As clinical testosterone tests use validated methods, controlled environments, and trained professionals, they are generally considered to be highly accurate. There is still significant variability between clinical laboratories, but several studies have found most clinical tests do not deviate more than 20% compared to gold-standard methods (rarely used in clinical practice due to cost and accessibility).1,2
To further increase confidence in clinical test results, the Centers for Disease Control (CDC) in the United States of America have initiated a hormone standardization program, with laboratories needing to meet strict criteria (report testosterone values within 6.4% of CDC-tested samples) to receive certification.3
Repeat testosterone testing is still advised. Due to natural fluctuations in testosterone levels, alongside possible measurement error, the same clinical test on two separate occasions can vary from 10–30% in the same individual.4,5 One study in 16 men found that 50% of the men reported as hypogonadal (defined as testosterone <300 ng/dl [10.4 nmol/L]) on their first clinical measurement were within normal ranges on repeat testing.6
How accurate is a home testosterone test?
The accuracy of a home testosterone test can vary depending on the specific test used and the quality of the laboratory conducting the analysis. Unfortunately, many researchers claim that all home kits have limited utility, however, some can provide more accurate results than others.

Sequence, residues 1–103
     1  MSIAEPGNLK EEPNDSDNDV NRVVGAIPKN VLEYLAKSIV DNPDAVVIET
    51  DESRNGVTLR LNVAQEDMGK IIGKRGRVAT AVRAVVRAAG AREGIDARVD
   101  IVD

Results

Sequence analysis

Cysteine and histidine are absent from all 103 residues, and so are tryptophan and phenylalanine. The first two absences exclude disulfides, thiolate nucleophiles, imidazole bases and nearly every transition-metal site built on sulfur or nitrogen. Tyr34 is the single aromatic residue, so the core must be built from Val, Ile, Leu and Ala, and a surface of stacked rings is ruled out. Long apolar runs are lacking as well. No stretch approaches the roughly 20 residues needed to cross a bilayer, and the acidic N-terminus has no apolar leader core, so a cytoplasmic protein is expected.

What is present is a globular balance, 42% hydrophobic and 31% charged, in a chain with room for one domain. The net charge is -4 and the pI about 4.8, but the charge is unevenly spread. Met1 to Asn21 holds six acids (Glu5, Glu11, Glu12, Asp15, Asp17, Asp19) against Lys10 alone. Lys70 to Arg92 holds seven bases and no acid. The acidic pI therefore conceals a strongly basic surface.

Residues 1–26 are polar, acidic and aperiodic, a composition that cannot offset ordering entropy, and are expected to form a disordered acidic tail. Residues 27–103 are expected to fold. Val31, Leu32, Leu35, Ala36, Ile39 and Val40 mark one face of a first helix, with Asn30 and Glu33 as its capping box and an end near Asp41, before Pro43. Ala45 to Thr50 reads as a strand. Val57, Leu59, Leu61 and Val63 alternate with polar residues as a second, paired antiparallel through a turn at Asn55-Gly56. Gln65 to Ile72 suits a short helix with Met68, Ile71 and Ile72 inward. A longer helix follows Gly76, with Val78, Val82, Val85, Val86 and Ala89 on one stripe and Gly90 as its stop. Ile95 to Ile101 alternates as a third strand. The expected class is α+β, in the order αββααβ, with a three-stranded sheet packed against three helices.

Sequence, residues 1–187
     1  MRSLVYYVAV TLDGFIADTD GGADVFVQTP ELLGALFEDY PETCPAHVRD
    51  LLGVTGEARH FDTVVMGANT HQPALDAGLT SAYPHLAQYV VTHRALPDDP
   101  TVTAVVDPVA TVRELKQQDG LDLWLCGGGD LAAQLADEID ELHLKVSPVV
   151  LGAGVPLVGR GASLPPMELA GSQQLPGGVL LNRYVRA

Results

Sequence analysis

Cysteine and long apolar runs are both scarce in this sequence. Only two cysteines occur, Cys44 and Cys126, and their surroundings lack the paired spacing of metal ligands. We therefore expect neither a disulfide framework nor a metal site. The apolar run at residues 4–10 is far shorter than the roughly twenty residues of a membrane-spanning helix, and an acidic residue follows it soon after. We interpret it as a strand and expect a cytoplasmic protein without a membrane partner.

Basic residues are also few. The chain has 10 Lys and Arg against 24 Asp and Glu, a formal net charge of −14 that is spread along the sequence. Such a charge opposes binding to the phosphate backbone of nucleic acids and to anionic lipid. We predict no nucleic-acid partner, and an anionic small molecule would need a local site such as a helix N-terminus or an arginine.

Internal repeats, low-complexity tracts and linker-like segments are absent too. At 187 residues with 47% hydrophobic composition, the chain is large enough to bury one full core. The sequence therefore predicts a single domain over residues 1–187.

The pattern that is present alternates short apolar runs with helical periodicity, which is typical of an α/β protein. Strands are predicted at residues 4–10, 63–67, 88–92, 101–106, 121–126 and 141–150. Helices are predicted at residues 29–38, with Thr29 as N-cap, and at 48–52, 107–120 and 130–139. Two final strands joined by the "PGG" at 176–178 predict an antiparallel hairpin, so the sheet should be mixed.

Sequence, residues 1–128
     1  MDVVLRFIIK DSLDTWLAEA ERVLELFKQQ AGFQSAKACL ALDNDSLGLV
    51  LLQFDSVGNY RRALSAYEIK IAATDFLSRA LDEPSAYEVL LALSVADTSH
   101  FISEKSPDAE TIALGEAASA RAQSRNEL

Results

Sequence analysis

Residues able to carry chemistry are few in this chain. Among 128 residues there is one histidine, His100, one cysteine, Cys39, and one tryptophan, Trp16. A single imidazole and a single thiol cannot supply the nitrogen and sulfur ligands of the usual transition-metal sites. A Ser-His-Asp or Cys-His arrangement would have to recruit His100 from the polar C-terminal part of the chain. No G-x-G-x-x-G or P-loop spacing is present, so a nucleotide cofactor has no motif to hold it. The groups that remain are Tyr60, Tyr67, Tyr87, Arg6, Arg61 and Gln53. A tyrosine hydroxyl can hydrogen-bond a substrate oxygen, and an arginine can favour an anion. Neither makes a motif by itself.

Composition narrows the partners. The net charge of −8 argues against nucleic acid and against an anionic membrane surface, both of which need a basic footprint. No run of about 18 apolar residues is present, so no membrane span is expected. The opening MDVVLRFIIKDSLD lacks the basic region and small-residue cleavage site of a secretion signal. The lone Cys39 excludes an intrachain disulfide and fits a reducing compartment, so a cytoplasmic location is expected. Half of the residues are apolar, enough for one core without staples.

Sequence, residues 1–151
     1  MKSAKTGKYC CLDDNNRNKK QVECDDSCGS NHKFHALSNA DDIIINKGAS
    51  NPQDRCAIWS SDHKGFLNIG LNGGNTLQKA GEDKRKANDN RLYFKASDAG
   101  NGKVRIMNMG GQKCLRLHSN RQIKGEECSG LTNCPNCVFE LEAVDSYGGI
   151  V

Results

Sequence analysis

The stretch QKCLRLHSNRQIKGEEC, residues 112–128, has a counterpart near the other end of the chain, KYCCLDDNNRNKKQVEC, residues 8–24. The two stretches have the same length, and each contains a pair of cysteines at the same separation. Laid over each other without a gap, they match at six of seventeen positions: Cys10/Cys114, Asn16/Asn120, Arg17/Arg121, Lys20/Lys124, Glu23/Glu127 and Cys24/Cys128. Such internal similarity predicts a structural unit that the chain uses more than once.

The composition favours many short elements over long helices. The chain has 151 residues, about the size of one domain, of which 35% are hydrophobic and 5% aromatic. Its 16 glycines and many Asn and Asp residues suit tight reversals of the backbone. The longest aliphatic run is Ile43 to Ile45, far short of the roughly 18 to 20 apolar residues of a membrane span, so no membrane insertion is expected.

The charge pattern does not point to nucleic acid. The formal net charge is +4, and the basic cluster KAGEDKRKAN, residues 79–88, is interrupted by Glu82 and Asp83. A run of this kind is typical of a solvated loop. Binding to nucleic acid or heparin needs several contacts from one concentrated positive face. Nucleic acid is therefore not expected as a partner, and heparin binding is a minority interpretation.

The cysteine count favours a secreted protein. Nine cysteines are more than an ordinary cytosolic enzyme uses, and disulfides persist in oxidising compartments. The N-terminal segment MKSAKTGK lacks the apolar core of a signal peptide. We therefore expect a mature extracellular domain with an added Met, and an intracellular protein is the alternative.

In one study, testosterone results from six different home testing kits varied between 26.3–40.8% in men and 57%–115% in women.7 Moreover, when the home test kit results were compared to an established clinical method, the results deviated by an average of 194% in men and 67% in women.
Why are home testosterone tests less accurate?
Differences different home test kit results could be explained by:
- Different laboratory techniques
- User error
- Less likely to adhere to the pre-test protocols (fasted-state, morning test)
- Laboratory error
- Mishandling during transport.
It is also important to note that most home testosterone kits use an immunoassay method (a method of measuring concentrations of hormones and other compounds within bodily fluids), which is less accurate in low testosterone ranges. If you are concerned with low testosterone levels or conditions such as hypogonadism, it is best to seek a clinical test from a trained healthcare professional.
Should I get a clinical or home testosterone test?
If you have a general health interest without symptoms of abnormal testosterone levels, then a home test kit may suit your needs. Seek a more accurate and reliable clinical testosterone test if your symptoms or home test kit indicates high or low testosterone levels.
Last updated: 27th July 2023
- Wang C, et al. J Clin Endocrinol Metab 2004;89(2):534-43.
- Vesper HW, et al. Steroid 2009;74(6):498-503.
- Vesper HW, et al. Am J Clin Nutr 2016;104 Suppl 3(Suppl 3):907S-12S.
- Brambilla DJ, et al. Clin Endocrinol (Oxf) 2007; 67(6):853-62.
- Valero-Politi, Fuentes-Anderiu X. Clin Chem 1993;39(8)1723–5.
- Morley, et al. Metabolism 2002;51(5):554-9.
- Boots LR, et al. Fertil Steril 1998;69(2):286-92.